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Hydroclimatic change disparity of Peruvian Pacific drainage catchments

  • Pedro Rau
  • Luc Bourrel
  • David Labat
  • Frédéric Frappart
  • Denis Ruelland
  • Waldo Lavado
  • Boris Dewitte
  • Oscar Felipe
Original Paper

Abstract

Peruvian Pacific drainage catchments only benefit from 2% of the total national available freshwater while they concentrate almost 50% of the population of the country. This situation is likely to lead a severe water scarcity and also constitutes an obstacle to economic development. Catchment runoff fluctuations in response to climate variability and/or human activities can be reflected in extreme events, representing a serious concern (like floods, erosion, droughts) in the study area. To document this crucial issue for Peru, we present here an insightful analysis of the water quantity resource variability of this region, exploring the links between this variability and climate and/or anthropogenic pressure. We first present a detailed analysis of the hydroclimatologic variability at annual timescale and at basin scale over the 1970–2008 period. In addition to corroborating the influence of extreme El Niño events over precipitation and runoff in northern catchments, a mean warming of 0.2 °C per decade over all catchments was found. Also, higher values of temperature and potential and actual evapotranspiration were found over northern latitudes. We chose to apply the Budyko-Zhang framework that characterizes the water cycle as a function of climate only, allowing the identification of catchments with significant climatic and anthropogenic influence on water balance. The Budyko-Zhang methodology revealed that 11 out of 26 initial catchments are characterized by low water balance disparity related to minor climatic and anthropogenic influence. These 11 catchments were suitable for identifying catchments with contrasting change in their hydroclimatic behavior using the Budyko trajectories. Our analysis further reveals that six hydrological catchment responses can be characterized by high sensitivity to climate variability and land use changes.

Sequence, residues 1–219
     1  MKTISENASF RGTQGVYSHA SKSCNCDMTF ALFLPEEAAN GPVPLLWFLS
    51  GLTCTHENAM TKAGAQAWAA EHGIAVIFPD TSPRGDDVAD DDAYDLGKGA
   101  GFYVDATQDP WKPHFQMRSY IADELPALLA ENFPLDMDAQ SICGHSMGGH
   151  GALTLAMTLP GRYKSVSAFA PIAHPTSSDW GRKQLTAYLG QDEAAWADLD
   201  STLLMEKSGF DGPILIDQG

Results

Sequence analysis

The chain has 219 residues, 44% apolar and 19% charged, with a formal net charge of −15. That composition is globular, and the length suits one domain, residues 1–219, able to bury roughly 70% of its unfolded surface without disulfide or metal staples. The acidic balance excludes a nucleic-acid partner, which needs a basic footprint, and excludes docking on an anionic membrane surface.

Notes

Acknowledgements

The authors would like to thank SENAMHI (Meteorological and Hydrological Service of Peru) for providing complete hydrometeorological raw dataset. We thank the anonymous reviewer for his constructive comments that helped improve the original manuscript. B. Dewitte acknowledges supports from FONDECYT (projects 1171861 and 1151185).

Funding information

This work was supported by Peruvian Ministry of Education (MINEDU-PRONABEC scholarship).

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Copyright information

© Springer-Verlag GmbH Austria 2017

Authors and Affiliations

  1. 1.UMR 5563 GETUniversité de Toulouse - CNRS-IRD-OMP-CNESToulouseFrance
  2. 2.UMR 5566 LEGOSUniversité de Toulouse - CNRS-IRD-OMP-CNESToulouseFrance
  3. 3.CNRS, UMR 5569 HydroSciences MontpellierMontpellierFrance
  4. 4.SENAMHILimaPeru
  5. 5.Facultad de Ciencias del MarUniversidad Católica del NorteCoquimboChile
  6. 6.Centro de Estudios Avanzado en Zonas Áridas (CEAZA)CoquimboChile

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